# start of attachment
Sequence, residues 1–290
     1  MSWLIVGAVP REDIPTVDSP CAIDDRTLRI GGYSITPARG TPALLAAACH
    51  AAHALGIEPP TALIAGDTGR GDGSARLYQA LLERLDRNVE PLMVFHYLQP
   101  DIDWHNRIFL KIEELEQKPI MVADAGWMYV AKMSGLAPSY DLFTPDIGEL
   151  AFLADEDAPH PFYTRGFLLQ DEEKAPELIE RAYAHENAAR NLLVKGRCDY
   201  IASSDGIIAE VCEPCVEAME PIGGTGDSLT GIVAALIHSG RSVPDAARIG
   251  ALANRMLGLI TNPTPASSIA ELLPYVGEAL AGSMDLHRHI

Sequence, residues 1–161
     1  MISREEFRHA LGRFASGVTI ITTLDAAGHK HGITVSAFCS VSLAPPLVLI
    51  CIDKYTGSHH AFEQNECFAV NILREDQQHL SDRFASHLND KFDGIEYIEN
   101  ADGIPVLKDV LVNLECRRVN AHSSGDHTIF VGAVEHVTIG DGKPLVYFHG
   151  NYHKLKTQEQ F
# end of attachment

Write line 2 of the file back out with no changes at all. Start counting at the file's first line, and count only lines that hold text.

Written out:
     1  MSWLIVGAVP REDIPTVDSP CAIDDRTLRI GGYSITPARG TPALLAAACH